Leading article: The world cannot wait

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The Independent Online
At the Meteorological Office's headquarters in an industrial estate on the outskirts of Exeter last week, the world's climate scientists peered into the abyss. As Geoffrey Lean, our environment editor, writes on page 10, most of them will have felt their children or grandchildren standing at their shoulders. Global warming, as the product of human activity, is now established as scientific fact more firmly than ever, and the consequences are worse, more certain and closer than previously thought. Previously remote possibilities, such as the melting of much of the Antarctic ice cap, the collapse of the Amazonian rainforest and deadly acidification of the world's oceans, are becoming ever more likely. This is a challenge to the whole of humankind, and it requires global agreements and institutions to respond. It is, in particular, a vast and historic challenge to political leaders all over the world, and it is to Tony Blair's credit that he has made action on climate change a priority of this year's UK presidencies of the EU and G8. He could have chosen a far easier task.

The Exeter conference went some way to meeting the first of the Prime Minister's objectives: to mobilise and express a clear scientific consensus. But his central problem is to devise a way of tackling global warming that brings both the United States and the rapidly industrialising China and India on board. The two developing countries understandably will not join any successor to the Kyoto protocol unless the US, which is responsible for a quarter of the pollution that causes the climate change, also does so.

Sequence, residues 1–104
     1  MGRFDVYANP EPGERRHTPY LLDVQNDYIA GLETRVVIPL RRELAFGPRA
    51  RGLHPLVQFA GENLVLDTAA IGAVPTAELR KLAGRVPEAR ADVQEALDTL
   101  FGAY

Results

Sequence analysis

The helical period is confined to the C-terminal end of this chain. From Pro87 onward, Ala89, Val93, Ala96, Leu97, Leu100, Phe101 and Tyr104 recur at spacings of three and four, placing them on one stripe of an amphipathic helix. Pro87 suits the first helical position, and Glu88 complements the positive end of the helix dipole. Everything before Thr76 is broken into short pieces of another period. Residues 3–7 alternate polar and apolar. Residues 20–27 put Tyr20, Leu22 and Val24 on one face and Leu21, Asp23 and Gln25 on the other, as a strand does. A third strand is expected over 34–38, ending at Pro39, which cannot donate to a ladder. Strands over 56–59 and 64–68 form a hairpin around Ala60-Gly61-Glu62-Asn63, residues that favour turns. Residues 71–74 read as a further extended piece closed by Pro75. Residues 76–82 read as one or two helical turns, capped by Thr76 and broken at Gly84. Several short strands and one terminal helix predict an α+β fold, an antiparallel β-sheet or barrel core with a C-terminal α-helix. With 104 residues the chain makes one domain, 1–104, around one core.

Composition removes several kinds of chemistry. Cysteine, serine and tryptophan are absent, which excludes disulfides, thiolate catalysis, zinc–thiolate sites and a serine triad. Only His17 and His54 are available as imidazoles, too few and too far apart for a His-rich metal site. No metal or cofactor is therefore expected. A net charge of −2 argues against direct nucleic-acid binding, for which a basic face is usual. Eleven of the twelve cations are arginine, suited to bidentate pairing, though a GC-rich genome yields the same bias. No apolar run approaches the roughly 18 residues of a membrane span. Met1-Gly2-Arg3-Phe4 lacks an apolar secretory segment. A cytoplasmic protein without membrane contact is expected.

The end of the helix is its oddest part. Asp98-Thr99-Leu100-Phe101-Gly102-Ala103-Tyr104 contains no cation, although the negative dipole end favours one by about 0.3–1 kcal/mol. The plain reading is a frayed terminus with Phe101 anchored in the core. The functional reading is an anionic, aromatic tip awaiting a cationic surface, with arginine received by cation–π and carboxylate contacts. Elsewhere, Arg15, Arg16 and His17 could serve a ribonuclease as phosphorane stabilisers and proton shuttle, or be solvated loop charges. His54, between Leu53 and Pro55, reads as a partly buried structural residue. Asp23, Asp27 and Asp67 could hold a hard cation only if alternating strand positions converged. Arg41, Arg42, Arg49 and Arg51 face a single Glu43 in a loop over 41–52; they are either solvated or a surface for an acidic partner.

President Bush - with much less justification, but a political constituency to satisfy - will not join unless China and India do. In this impasse Mr Blair is naturally inclined to a third way and, in the tradition of most successful diplomacy, is trying to find a baseline on which they can all agree - such as that global warming is indeed an issue and that new technologies should be developed to address it. It is at least possible that the G8 summit at Gleneagles in July will set this process in train, and if President Bush were to agree that the problem is real and that something must be done, that would indeed be a breakthrough.

The trouble is that all the time the clock is ticking. We are running out of time. Unless the world does quickly sign up to new and stricter targets for reducing emissions, it will be too late. Achieving, or even making big progress towards it, will tax Mr Blair's formidable powers of persuasion to the limit. But by common consent he is the leader best placed to pull it off. He should aim at nothing less.